About TetherPro/Master


I was alerted to these products some time after preparing the original version of this article but am using both since then. They provide inexpensive remote control of a camera having a USB control interface. The principle difference between them is that "TetherPro" incorporates extensive image project support ... file renaming, image data base, image review etc. It would seem highly useful to the commercial or studio photographer generating high volumes of pictures and liable to benefit from automated image management. "Master" sticks to the basics, offering the same level of camera control but providing only straightforward transfer of camera images to a folder on the computer. After that, you are on your own. You will have to find another way to review images with "Master" but it is trivially easy to have a viewing application of your choice launch when double-clicking an image file (if not there already).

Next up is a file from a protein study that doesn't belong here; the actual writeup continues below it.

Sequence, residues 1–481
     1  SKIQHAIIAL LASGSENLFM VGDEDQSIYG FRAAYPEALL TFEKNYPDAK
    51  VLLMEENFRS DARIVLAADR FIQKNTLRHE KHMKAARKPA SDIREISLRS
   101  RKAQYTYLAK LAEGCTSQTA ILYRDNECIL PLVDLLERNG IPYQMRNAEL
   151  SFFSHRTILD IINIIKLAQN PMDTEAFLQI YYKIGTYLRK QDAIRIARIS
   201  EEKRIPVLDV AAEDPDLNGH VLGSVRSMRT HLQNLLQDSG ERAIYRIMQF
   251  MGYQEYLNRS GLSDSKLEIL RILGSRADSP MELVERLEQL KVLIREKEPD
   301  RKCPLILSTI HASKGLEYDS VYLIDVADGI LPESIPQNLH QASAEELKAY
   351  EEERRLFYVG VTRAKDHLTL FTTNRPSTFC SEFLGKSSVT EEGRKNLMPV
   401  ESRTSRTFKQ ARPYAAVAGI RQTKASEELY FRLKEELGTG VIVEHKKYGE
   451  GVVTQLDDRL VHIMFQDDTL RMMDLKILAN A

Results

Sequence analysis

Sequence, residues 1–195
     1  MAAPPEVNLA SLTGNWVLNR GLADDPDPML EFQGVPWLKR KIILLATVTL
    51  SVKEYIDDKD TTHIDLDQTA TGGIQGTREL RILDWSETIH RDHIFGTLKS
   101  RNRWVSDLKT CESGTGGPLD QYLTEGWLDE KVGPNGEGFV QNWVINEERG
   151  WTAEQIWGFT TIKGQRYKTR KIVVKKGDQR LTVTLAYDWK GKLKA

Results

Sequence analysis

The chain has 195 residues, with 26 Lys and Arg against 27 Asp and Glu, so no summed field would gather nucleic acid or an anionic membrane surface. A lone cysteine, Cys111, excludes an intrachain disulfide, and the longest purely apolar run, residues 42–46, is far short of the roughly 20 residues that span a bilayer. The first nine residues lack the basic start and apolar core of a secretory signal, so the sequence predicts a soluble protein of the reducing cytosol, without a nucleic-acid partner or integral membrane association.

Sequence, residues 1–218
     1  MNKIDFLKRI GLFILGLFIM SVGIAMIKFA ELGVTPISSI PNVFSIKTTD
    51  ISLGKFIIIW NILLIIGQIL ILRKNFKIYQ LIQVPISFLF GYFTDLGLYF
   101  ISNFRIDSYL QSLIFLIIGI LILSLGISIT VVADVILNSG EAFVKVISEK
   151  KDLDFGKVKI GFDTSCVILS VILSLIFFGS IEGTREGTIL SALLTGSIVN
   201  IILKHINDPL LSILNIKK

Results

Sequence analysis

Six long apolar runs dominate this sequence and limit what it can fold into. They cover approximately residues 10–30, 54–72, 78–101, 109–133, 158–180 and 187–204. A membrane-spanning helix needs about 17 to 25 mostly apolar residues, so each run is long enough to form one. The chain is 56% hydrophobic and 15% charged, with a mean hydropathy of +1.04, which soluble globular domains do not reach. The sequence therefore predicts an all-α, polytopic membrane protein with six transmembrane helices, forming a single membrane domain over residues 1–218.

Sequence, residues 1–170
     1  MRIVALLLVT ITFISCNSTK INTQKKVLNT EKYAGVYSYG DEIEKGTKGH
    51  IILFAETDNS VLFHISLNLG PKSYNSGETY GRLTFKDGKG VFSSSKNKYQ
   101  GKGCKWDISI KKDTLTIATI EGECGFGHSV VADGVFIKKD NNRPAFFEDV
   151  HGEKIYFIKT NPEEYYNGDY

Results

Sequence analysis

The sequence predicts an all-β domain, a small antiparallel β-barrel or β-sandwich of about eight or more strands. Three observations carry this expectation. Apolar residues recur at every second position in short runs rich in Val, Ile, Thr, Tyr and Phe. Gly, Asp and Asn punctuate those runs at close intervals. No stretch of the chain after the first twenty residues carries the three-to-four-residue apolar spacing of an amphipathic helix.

This is robust, well-thought-out software and easy to use. The user interface is attractive and intuitive in operation.

It was formerly the case that Live View was not available with with this product but the author has alerted me (June, 2012) LV is now supported.

Furtheremore, as of approximately that date, the price of Tetherpro has been temporarily reduced to $24.99.

I use an inexpensive webcam at the remote camera location to estimate when a shooting opportunity occurs (such as a bird arriving on-scene). This is perfectly satisfactory and in some ways more flexible and useful than remote Live View. Consider also that when using Live View the camera will switch to contrast-detect AF which is not as fast as the usual phase-detect method. That is, there may be good photographic reasons in some situations to avoid Live View anyway. Just the same, it is very nice now having this available.